Visible to the public Biblio

Filters: Author is Ashok, A.  [Clear All Filters]
2017-03-07
Poornachandran, P., Sreeram, R., Krishnan, M. R., Pal, S., Sankar, A. U. P., Ashok, A..  2015.  Internet of Vulnerable Things (IoVT): Detecting Vulnerable SOHO Routers. 2015 International Conference on Information Technology (ICIT). :119–123.

There has been a rampant surge in compromise of consumer grade small scale routers in the last couple of years. Attackers are able to manipulate the Domain Name Space (DNS) settings of these devices hence making them capable of initiating different man-in-the-middle attacks. By this study we aim to explore and comprehend the current state of these attacks. Focusing on the Indian Autonomous System Number (ASN) space, we performed scans over 3 months to successfully find vulnerable routers and extracted the DNS information from these vulnerable routers. In this paper we present the methodology followed for scanning, a detailed analysis report of the information we were able to collect and an insight into the current trends in the attack patterns. We conclude by proposing recommendations for mitigating these attacks.

2017-11-27
Ashok, A., Krishnaswamy, S., Govindarasu, M..  2016.  PowerCyber: A remotely accessible testbed for Cyber Physical security of the Smart Grid. 2016 IEEE Power Energy Society Innovative Smart Grid Technologies Conference (ISGT). :1–5.

Cyber Physical Systems (CPS) security testbeds serve as a platform for evaluating and validating novel CPS security tools and technologies, accelerating the transition of state-of-the-art research to industrial practice. The engineering of CPS security testbeds requires significant investments in money, time and modeling efforts to provide a scalable, high-fidelity, real-time attack-defense platform. Therefore, there is a strong need in academia and industry to create remotely accessible testbeds that support a range of use-cases pertaining to CPS security of the grid, including vulnerability assessments, impact analysis, product testing, attack-defense exercises, and operator training. This paper describes the implementation architecture, and capabilities of a remote access and experimental orchestration framework developed for the PowerCyber CPS security testbed at Iowa State University (ISU). The paper then describes several engineering challenges in the development of such remotely accessible testbeds for Smart Grid CPS security experimentation. Finally, the paper provides a brief case study with some screenshots showing a particular use case scenario on the remote access framework.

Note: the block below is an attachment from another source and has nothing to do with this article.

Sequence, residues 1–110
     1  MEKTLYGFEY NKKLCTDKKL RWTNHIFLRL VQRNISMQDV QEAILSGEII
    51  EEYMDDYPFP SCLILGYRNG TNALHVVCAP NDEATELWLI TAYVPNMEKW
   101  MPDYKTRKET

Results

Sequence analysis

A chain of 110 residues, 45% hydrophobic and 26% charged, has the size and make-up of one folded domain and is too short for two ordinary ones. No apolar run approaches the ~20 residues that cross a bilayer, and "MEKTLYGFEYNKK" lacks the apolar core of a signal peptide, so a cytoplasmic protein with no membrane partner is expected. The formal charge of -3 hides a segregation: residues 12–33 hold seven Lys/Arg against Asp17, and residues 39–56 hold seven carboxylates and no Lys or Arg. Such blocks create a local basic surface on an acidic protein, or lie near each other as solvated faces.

2018-01-16
Pappa, A. C., Ashok, A., Govindarasu, M..  2017.  Moving target defense for securing smart grid communications: Architecture, implementation evaluation. 2017 IEEE Power Energy Society Innovative Smart Grid Technologies Conference (ISGT). :1–5.

Supervisory Control and Data Acquisition(SCADA) communications are often subjected to various sophisticated cyber-attacks mostly because of their static system characteristics, enabling an attacker for easier profiling of the target system(s) and thereby impacting the Critical Infrastructures(CI). In this Paper, a novel approach to mitigate such static vulnerabilities is proposed by implementing a Moving Target Defense (MTD) strategy in a power grid SCADA environment, leveraging the existing communication network with an end-to-end IP-Hopping technique among trusted peers. The main contribution involves the design and implementation of MTD Architecture on Iowa State's PowerCyber testbed for targeted cyber-attacks, without compromising the availability of a SCADA system and studying the delay and throughput characteristics for different hopping rates in a realistic environment. Finally, we study two cases and provide mitigations for potential weaknesses of the proposed mechanism. Also, we propose to incorporate port mutation to further increase attack complexity as part of future work.